Tribal Gathering is a collection of stories set in Nibana during the 1960s, an imaginary, newly independent ex-British colony, situated on the West African coast. Against the backdrop of a nation embroiled in tribalism, nepotism and corruption, the rapidly failing infrastructure, three military coups and a bloody civil war simply add to the chaos as the main African and European characters try to live out their lives against all the odds. From the dry heat and desolation of the Northern Desert to the suffocating humidity of the oil-rich swamplands of the Enube Delta, the stories tell of the humour and tragedy of life and the frailty of human nature. Betrayal, revenge, ignorance and stupidity are intermingled with witchcraft, African Deities and Freemasonry, in a detailed and consummate way to provide interesting and compulsive reading.

HOT METAL: During a visit to the ancient town of Ifun, Peter Stafford and John Hughes encounter a mysterious African boy in the forest and the repercussions reach out to Peter Stafford’s family far away in England.

JUJU-MEN: By persuading Ade Soyoyi and Bande Abaleko to deliver a package, this minor indiscretion by an African houseboy working for the master of the local Freemason’s lodge leads to multiple deaths and chaos in the Western Region.

THE PRICE OF TIN: John Trevelyan and Umoru Ibrahim go tin prospecting in the remote Northern Desert. They desperately need to find new deposits, but all they find is an untimely demise, brought about by one of nature’s smallest of creatures.

THE VISIT: Two ungrateful, hard-to-please senior executives from the UK visit Arthur Meadows, the branch manager at Kuna, and receive an unusual punishment from the Emir of the region for their boorish and inconsiderate behaviour.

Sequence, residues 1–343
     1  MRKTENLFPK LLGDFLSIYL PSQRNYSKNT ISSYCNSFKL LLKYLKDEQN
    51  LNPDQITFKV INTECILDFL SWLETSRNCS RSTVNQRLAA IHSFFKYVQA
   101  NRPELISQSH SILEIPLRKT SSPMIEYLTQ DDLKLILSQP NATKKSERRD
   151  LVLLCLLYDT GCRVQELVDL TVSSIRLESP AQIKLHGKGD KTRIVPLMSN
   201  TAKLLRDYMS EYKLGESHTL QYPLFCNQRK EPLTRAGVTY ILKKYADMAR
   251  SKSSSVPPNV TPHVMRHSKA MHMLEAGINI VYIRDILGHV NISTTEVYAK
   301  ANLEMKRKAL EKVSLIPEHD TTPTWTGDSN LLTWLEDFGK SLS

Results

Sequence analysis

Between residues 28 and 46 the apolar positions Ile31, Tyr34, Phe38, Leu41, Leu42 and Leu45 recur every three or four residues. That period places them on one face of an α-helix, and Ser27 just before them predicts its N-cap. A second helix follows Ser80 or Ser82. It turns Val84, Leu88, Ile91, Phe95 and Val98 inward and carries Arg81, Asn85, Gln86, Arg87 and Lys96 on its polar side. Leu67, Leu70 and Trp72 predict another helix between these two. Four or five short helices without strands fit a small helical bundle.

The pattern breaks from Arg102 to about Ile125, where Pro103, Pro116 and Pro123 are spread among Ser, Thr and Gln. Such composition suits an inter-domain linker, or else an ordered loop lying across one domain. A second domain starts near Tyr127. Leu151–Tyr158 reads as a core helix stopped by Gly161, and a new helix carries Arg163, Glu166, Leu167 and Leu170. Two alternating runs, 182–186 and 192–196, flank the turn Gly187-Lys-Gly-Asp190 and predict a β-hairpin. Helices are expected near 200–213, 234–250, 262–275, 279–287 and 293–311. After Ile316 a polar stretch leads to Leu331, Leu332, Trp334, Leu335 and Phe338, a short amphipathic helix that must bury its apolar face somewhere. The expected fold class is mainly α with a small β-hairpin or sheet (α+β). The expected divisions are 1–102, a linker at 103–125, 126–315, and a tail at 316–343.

BOOM TOWN: Charlie Robinson is employed to open a new branch of the company in the oil-rich Enube Delta. Although he encounters many difficulties, the business succeeds until the region is plunged into civil war. Sabotage finally renders all he has worked for lost, but out of the destruction and chaos comes the opportunity for riches and a new life.

COMRADES: Sule Mohammed is persuaded to join the Nibanan People’s Freedom Party, an illegal organisation that, he is assured, will rid the country of the corrupt military junta and the white man. Only when it is too late does he realise that a colleague, who simply wanted his job, had duped and betrayed him.

TIEF-MAN: Encountering hard times after leaving home, young Idewu Kosae turns to crime only to meet his maker at the hands of his best friend.

SMOKESCREENS: Ade Awole attends a course of instruction at a tobacco factory in the UK and meets Jane Middleton, the young English woman assigned to conduct the course. Eventually they agree to marry and she travels to West Africa, but they both have their own agendas and not all is what it seems for either one.